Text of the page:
It time for more the part of Ongoing Investigations were I show you what toys I bought. First up is new two newest Portraits of Pirates. The set seems to have back in black as the theme. The first is the newest member of the Straw Hat Pirates, Brook. He is a skeleton, with an Afro, a top hat, and a suit who plays the violin. If this combination of words does not make you want a figure of him, I am not sure what I can say to sell you on it. He comes with a sword cane, a tea cup, and his tone dial. Also you can also pop open the little compartment in his skull and keep the tone dial in there which I find an amusing attention to detail. In contrast we have Rob Lucci. Another man in a black suit with a top hat but with a completely different tone to the lighthearted Brook. Rob also comes with his pigeon Hattori and his mask. I really think that as the Portrait of Pirates series has gone on they have really come into their own. While Rob is  not as complex as some of the latest entries into the series he is well done and really captures the essence of the character. Brook is complex and customizable for a static pose figure. I am a little surprised that they decided to make Rob instead of the more popular Kaku.

Picked up Spiral’s seventh volume. There are some bigger points that start to uncover themselves here, just hints but it is expected to come slowly. Ayumu taking on brute force verse his logic is great. It also randomly reminded me of the L movie where they sort of imply that violence can beat brains as well. I don’t think I would normally notice that but since I watched that and read this so close to each other it stuck out. I also like that Ayumu is admitting his brother is manipulating everyone like a puppet though he just plain doesn’t want to think so. I also found a couple of moments with Hiyono possibly revealing there is more going on under the surface. Has me curious. Looking forward to more as usual.

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Ongoing Investigations: Case #040

Picked up Bride of the Water God volume one from Dark Horse. This is one of their manhwa releases. It is the story of a girl who is married off to the God of Water to prevent the village from further hardship because of a drought. When she arrives she runs into a little boy who ignores her when she speaks to him. He is of course the Water God. There is a large cast of other Gods as well as the Water God’s attendant who girl’s name mistakes for the God when she first arrives. Both girl’s name and the Water God have sad pasts that are more than hinted at. The artwork is very nice and that is probably the strongest thing about it. The story wasn’t bad but it wasn’t especially well done either. Most of the side characters are just thrown in her and there without real reasoning. It may have held my interest if girl’s name fell in love with attendant’s name rather than the Water God, but that isn’t the case.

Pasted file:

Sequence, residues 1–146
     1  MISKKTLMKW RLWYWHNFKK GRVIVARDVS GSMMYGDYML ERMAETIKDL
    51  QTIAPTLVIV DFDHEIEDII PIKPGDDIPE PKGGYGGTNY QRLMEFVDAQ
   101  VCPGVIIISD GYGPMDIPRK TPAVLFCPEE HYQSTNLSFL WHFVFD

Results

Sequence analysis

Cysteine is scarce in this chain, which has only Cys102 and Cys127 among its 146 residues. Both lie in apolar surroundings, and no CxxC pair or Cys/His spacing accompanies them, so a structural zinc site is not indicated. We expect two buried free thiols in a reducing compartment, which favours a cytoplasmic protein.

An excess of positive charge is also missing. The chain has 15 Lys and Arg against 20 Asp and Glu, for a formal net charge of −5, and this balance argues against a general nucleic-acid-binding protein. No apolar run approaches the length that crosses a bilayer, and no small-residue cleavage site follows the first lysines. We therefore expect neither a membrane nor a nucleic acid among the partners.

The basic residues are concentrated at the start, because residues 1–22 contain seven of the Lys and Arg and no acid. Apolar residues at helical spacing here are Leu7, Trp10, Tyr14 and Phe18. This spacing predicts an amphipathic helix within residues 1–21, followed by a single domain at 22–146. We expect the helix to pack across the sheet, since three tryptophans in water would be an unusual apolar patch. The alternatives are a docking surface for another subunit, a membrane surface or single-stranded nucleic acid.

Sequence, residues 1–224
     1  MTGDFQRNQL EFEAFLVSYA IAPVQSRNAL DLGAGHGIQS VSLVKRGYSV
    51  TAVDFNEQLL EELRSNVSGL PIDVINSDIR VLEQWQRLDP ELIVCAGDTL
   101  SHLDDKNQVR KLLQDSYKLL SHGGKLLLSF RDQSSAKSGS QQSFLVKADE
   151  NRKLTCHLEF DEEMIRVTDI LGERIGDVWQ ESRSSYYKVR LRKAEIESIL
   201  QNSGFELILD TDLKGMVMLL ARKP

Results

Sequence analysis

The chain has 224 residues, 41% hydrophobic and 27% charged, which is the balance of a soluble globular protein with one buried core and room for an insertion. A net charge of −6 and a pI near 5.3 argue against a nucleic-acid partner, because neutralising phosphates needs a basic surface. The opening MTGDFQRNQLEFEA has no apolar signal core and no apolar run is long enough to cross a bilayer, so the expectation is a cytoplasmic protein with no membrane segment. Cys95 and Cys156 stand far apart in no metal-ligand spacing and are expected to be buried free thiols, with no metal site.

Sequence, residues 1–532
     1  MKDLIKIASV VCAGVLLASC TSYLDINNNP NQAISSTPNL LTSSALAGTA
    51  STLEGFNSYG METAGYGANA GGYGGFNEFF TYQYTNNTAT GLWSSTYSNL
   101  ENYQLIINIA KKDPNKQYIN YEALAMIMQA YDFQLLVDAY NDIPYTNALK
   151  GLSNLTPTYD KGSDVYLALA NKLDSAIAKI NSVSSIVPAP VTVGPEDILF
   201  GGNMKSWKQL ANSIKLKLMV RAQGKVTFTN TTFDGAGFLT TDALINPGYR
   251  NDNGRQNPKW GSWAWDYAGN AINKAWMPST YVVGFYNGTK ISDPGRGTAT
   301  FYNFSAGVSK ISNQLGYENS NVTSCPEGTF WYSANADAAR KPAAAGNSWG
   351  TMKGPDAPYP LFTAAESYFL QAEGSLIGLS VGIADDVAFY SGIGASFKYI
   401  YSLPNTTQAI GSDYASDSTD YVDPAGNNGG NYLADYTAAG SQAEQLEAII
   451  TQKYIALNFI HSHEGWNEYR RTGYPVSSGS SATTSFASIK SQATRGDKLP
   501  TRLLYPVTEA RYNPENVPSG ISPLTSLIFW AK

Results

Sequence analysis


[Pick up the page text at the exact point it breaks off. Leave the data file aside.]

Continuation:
Color of Water flows from the first book (Color of Earth) without missing a beat. Ehwa had two potential relationships that failed to bloom but soon finds herself falling for a young wrestler. Her mother continues her relationship with the traveling calligraphist. If the theme of the first volume was discovering love then the main theme in this volume seems to be waiting for relationships to develop and dealing with long distance relationships. The closeness of Ehwa and her mother grows a little more distant. As with any teenager, Ehwa needs to develop a little more away from her mother and she begins to keep much more to herself. The frank nature of discovering your sexuality continues into this book especially when it comes to masturbation. Overall the storytelling and artwork remain top notch.